I also don't see how believing that things like hauntings are satanic would predispose someone to disagree with their existence.

You don't see why they'd answer in the negative to a poll on the subject?

I don't, no. I think believing in an evil being out to get people who has evil powers and an army of demons to aid him would make someone believe more in hauntings than a individual who thinks the devil is just a metaphor for human temptation. The more I think about it the more I agree with the argument I'm making because otherwise it just boggles the mind.

It's the more theologically conservative people who are more likely to believe that Satan actually exists as an actor (or even ruler) in this world. This gives us a cause of hauntings....and yet, they're still less likely to believe in this than the irreligious.

Eh, hauntings are of a different class than possessions, so are less likely I think to be seen as "real" since they're ostensibly neutral. I'd like to know how the stats shook out with that question, or if it was even asked--I mean, if they asked about hauntings but not possessions, and if the stats would essentially swap (I'm not saying they would, just positing it as a possibility), then that one side believes in "hauntings" and the other in "possessions" becomes less meaningful than when it just looks like one side believes in "hauntings".

The WSJ article cites a couple other studies with similar conclusions and when you combine it with the fact that religious belief systems spring up in virtually every society ever...I would definitely argue that it's a human universal even if certain individuals can get away from it.

I don't like the term "universal", but I don't disagree with the spirit of what you're saying.
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"Don't quote me, ever." -Max

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: At 11/12/2016 11:49:40 PM, Raisor wrote:
: thett was right
thett3
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7/21/2015 1:59:12 PM
Posted: 1 year ago
At 7/21/2015 1:53:53 PM, bladerunner060 wrote:
At 7/21/2015 1:39:42 PM, thett3 wrote:
At 7/21/2015 1:34:12 PM, bladerunner060 wrote:
This might be at least some of it, I just found it:

http://www.baylor.edu...

Yeah I found that but it didn't include the numbers for irreligious, which is what I was more interested in

Do you have a University login?

https://muse.jhu.edu...

sadly no...I just tried to login using my uni and they said my username and password weren't correct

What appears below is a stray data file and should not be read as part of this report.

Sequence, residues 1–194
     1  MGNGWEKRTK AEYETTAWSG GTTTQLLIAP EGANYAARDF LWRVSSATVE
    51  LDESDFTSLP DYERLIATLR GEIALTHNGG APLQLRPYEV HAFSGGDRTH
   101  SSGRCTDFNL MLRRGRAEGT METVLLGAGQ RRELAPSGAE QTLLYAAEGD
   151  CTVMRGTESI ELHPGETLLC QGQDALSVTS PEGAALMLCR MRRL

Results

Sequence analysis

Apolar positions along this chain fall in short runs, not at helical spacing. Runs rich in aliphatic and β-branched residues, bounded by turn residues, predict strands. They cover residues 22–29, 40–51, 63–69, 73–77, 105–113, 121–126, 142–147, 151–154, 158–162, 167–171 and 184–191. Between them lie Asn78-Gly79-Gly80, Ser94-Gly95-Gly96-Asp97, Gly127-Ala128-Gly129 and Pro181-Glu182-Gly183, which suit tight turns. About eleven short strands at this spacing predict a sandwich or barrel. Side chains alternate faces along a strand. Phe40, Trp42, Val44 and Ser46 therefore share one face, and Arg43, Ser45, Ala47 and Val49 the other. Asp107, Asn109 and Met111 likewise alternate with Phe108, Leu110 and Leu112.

DDO Vice President

#StandwithBossy

#UnbanTheMadman

#BetOnThett

"Don't quote me, ever." -Max

"My name is max. I'm not a big fan of slacks"- Max rapping

"Walmart should have the opportunity to bribe a politician to it's agenda" -Max

"Thett, you're really good at convincing people you're a decent person"-tulle

"You fit the character of Regina George quite nicely"- Sam

: At 11/12/2016 11:49:40 PM, Raisor wrote:
: thett was right
bladerunner060
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7/21/2015 2:21:55 PM
Posted: 1 year ago
At 7/21/2015 1:54:12 PM, thett3 wrote:

I can't tell if there's any part of that that just contains raw data...I may have a way to get at it but I don't really want to even try if it's going to be a waste of time; each part listed just looks conclusory.
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Skepticalone
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7/21/2015 5:35:53 PM
Posted: 1 year ago
At 7/18/2015 10:10:29 AM, Benshapiro wrote:
If an overwhelming majority of human beings on the planet are religious, does this lend credence to the notion that God exists?

No.

It's evidence against any particular deity because religions tend to contradict one another, but it should be taken as evidence that there is some underlying truth that lead so many to believe that God exists.

However belief in God could be the result of an ignorant group of people having a psychological need to explain the unexplained. Social conditioning, culture, and traditions also reinforce religious belief but this is ad-hoc. We'd need to know why God is a part of so many cultures and traditions in the first place.

Some cultures have wildly different conceptions of God. God could mean Chi, boundless energy, rulers, deities, mother nature, etc.

So, are the world's many religions evidence of some underlying truth about God or do they just show that the notion of God is illogical?

The fact that these claims from different cultures conflict establish, at the very least, that they cannot be referring to the same god.
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7/21/2015 6:05:34 PM
Posted: 1 year ago
At 7/18/2015 10:10:29 AM, Benshapiro wrote:
If an overwhelming majority of human beings on the planet are religious, does this lend credence to the notion that God exists?
No, it supports the fact that men invent gods.
Religion is just mind control. George Carlin